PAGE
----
If Virginia’s workforce is to respond to the ever-changing needs of business and industry and if employers are to provide thriving-wage jobs that allow individuals to advance in chosen career paths, there is work to do.
Though Virginia has slowly been regaining jobs lost to the COVID-19 pandemic and the unemployment rate for February (5.2%) is less than the national average (6.2%), it is still higher than what it was last year at this time (3.3%).
Local industries, ranging from health care to information technology, all require a qualified and skilled workforce to maintain and continuously modernize their service and product offerings. Without a top-notch talent pool prepared with relevant 21st century skills, businesses face the possibility of failing to remain competitive.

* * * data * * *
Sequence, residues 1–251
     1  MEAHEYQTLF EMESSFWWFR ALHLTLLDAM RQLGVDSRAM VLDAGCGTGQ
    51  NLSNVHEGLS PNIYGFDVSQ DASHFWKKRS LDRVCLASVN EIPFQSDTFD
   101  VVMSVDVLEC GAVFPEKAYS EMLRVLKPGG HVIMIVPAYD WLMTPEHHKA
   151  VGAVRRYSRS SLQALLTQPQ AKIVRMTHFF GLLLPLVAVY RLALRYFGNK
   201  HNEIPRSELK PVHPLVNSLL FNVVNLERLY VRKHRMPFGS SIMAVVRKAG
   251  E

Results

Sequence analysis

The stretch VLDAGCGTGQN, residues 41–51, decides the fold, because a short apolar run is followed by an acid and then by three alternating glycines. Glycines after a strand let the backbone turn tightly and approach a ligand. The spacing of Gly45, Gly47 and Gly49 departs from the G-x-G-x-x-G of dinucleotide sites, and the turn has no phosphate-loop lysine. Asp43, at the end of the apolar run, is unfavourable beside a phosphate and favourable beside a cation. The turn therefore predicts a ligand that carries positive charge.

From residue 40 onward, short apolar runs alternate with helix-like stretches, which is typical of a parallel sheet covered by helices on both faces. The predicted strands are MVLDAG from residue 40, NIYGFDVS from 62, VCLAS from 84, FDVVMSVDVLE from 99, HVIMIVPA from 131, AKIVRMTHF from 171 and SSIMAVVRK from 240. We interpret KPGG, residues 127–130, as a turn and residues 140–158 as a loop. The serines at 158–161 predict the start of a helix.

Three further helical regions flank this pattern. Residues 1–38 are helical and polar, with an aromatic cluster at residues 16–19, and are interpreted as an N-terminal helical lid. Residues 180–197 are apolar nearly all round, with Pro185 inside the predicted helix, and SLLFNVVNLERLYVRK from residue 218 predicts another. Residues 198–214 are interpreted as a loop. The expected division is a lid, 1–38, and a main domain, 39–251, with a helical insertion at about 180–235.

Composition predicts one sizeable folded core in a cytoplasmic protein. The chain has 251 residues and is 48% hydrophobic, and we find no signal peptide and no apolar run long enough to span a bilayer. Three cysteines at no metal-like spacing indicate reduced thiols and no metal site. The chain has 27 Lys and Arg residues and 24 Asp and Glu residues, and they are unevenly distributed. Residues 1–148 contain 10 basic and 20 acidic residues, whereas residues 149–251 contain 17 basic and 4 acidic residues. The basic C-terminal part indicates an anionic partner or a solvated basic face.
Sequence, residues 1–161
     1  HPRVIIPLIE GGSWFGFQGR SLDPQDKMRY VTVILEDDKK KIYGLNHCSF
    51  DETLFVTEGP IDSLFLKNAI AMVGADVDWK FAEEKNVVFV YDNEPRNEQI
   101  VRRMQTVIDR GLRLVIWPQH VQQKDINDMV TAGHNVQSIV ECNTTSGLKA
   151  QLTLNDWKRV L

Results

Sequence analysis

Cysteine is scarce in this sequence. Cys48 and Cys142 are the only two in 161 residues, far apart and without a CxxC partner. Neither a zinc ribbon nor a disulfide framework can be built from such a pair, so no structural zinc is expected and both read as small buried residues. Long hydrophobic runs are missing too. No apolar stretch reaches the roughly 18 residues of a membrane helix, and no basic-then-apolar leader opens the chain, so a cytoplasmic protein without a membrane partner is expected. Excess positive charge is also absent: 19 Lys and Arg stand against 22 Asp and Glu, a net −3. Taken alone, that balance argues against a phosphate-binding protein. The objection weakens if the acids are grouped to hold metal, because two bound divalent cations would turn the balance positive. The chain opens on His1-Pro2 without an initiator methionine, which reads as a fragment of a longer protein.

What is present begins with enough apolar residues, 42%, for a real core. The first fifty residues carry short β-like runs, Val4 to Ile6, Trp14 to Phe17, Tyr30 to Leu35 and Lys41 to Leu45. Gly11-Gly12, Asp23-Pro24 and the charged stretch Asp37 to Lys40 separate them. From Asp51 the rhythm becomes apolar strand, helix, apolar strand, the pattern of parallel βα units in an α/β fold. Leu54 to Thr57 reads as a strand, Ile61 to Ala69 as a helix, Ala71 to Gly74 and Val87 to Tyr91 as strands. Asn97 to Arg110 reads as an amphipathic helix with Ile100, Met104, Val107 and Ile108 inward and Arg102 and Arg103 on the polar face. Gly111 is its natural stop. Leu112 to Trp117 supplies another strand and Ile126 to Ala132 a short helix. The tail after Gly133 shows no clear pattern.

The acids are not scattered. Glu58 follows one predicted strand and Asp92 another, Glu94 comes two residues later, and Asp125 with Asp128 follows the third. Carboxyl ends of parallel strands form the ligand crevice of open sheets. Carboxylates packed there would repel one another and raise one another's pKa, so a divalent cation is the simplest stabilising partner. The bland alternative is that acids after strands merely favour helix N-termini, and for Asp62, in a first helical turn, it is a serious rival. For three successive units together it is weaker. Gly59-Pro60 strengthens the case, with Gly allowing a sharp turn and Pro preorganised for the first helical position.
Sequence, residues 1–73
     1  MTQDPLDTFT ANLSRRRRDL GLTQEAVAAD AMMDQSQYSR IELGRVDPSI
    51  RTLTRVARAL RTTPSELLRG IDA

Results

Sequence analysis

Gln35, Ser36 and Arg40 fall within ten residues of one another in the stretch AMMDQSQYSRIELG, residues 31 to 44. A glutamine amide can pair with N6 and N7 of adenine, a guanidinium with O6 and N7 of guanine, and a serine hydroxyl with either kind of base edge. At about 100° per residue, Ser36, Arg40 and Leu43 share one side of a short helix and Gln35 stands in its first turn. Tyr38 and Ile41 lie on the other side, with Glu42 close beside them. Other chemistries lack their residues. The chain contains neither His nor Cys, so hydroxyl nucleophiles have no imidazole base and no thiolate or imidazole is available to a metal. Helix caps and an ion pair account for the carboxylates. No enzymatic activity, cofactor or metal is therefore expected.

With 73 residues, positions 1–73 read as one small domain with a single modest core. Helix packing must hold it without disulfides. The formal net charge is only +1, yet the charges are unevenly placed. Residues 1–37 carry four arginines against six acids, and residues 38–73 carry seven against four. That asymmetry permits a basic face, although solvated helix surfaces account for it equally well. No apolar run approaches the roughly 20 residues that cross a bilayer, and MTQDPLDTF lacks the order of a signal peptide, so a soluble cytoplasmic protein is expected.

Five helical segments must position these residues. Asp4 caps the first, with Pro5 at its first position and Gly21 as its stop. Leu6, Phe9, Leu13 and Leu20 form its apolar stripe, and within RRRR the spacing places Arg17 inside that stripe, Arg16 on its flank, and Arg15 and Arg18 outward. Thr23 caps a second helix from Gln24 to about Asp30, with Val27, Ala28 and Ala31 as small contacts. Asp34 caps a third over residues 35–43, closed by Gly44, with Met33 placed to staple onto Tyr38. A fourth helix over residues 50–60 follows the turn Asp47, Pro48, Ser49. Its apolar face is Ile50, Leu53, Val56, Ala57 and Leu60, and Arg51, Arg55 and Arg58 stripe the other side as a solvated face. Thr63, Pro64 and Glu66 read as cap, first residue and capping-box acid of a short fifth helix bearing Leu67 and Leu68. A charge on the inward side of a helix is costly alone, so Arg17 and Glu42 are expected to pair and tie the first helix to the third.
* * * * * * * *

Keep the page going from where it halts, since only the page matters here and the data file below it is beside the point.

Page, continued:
Reversing that trend will require expansive, collaborative efforts, like the Virginia Chamber of Commerce Blueprint for Getting Virginians Back to Work, which directly addresses this issue with an imperative to align educational opportunity to high-demand fields. An empowered workforce strengthens the commonwealth economy and is made up of individuals who have the relevant, modern tools to reach their full potential, developed through education to leverage talents into opportunity.
But there is an affordability gap to access that education. Last year, student submittals of the Free Application for Federal Student Aid (FAFSA) dropped nationally by 8%. In Virginia, applications declined by 8.7%, and by an astounding 31% for students from Virginia’s low-income high schools. Those students are part of a critical segment of the state’s population – individuals who have not pursued higher education, and the jobs that could result, largely because they didn’t apply for or receive financial aid.